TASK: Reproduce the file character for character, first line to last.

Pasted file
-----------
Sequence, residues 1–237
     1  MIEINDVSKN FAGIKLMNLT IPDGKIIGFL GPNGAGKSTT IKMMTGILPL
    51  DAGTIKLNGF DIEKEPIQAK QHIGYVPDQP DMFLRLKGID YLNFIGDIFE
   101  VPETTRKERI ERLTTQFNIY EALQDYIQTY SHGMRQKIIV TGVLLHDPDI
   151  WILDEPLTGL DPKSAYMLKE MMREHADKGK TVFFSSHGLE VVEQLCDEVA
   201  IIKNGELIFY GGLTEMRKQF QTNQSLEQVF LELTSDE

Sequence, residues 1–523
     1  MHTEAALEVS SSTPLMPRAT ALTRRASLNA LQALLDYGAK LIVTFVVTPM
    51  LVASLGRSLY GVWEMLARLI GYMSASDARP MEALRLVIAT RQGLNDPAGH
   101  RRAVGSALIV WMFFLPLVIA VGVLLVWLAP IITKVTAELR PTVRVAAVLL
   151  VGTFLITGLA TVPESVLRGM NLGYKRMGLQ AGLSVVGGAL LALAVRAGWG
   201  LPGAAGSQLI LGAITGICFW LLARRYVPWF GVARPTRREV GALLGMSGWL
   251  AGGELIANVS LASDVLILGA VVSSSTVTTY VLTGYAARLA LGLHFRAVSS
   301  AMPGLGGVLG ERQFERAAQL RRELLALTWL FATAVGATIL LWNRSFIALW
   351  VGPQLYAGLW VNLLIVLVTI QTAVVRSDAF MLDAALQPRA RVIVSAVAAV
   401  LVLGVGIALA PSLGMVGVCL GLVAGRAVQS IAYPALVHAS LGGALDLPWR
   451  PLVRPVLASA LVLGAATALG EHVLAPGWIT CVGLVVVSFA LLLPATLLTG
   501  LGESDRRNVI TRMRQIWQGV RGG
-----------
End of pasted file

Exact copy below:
Sequence, residues 1–237
     1  MIEINDVSKN FAGIKLMNLT IPDGKIIGFL GPNGAGKSTT IKMMTGILPL
    51  DAGTIKLNGF DIEKEPIQAK QHIGYVPDQP DMFLRLKGID YLNFIGDIFE
   101  VPETTRKERI ERLTTQFNIY EALQDYIQTY SHGMRQKIIV TGVLLHDPDI
   151  WILDEPLTGL DPKSAYMLKE MMREHADKGK TVFFSSHGLE VVEQLCDEVA
   201  IIKNGELIFY GGLTEMRKQF QTNQSLEQVF LELTSDE

Sequence, residues 1–523
     1  MHTEAALEVS SSTPLMPRAT ALTRRASLNA LQALLDYGAK LIVTFVVTPM
    51  LVASLGRSLY GVWEMLARLI GYMSASDARP MEALRLVIAT RQGLNDPAGH
   101  RRAVGSALIV WMFFLPLVIA VGVLLVWLAP IITKVTAELR PTVRVAAVLL
   151  VGTFLITGLA TVPESVLRGM NLGYKRMGLQ AGLSVVGGAL LALAVRAGWG
   201  LPGAAGSQLI LGAITGICFW LLARRYVPWF GVARPTRREV GALLGMSGWL
   251  AGGELIANVS LASDVLILGA VVSSSTVTTY VLTGYAARLA LGLHFRAVSS
   301  AMPGLGGVLG ERQFERAAQL RRELLALTWL FATAVGATIL LWNRSFIALW
   351  VGPQLYAGLW VNLLIVLVTI QTAVVRSDAF MLDAALQPRA RVIVSAVAAV
   401  LVLGVGIALA PSLGMVGVCL GLVAGRAVQS IAYPALVHAS LGGALDLPWR
   451  PLVRPVLASA LVLGAATALG EHVLAPGWIT CVGLVVVSFA LLLPATLLTG
   501  LGESDRRNVI TRMRQIWQGV RGG